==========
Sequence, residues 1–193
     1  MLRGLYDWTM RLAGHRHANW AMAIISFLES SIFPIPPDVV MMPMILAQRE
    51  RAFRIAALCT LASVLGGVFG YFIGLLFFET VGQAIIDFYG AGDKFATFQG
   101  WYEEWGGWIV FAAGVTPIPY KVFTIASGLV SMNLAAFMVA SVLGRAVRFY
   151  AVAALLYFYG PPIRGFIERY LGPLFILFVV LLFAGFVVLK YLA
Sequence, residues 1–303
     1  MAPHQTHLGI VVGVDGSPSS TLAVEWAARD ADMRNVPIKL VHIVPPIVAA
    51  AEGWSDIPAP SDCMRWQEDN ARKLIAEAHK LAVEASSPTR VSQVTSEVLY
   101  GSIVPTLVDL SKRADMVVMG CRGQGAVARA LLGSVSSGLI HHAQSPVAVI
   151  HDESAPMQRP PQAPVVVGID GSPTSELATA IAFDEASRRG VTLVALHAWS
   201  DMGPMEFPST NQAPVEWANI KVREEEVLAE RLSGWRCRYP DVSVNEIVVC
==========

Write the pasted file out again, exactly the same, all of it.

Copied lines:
Sequence, residues 1–193
     1  MLRGLYDWTM RLAGHRHANW AMAIISFLES SIFPIPPDVV MMPMILAQRE
    51  RAFRIAALCT LASVLGGVFG YFIGLLFFET VGQAIIDFYG AGDKFATFQG
   101  WYEEWGGWIV FAAGVTPIPY KVFTIASGLV SMNLAAFMVA SVLGRAVRFY
   151  AVAALLYFYG PPIRGFIERY LGPLFILFVV LLFAGFVVLK YLA
Sequence, residues 1–303
     1  MAPHQTHLGI VVGVDGSPSS TLAVEWAARD ADMRNVPIKL VHIVPPIVAA
    51  AEGWSDIPAP SDCMRWQEDN ARKLIAEAHK LAVEASSPTR VSQVTSEVLY
   101  GSIVPTLVDL SKRADMVVMG CRGQGAVARA LLGSVSSGLI HHAQSPVAVI
   151  HDESAPMQRP PQAPVVVGID GSPTSELATA IAFDEASRRG VTLVALHAWS
   201  DMGPMEFPST NQAPVEWANI KVREEEVLAE RLSGWRCRYP DVSVNEIVVC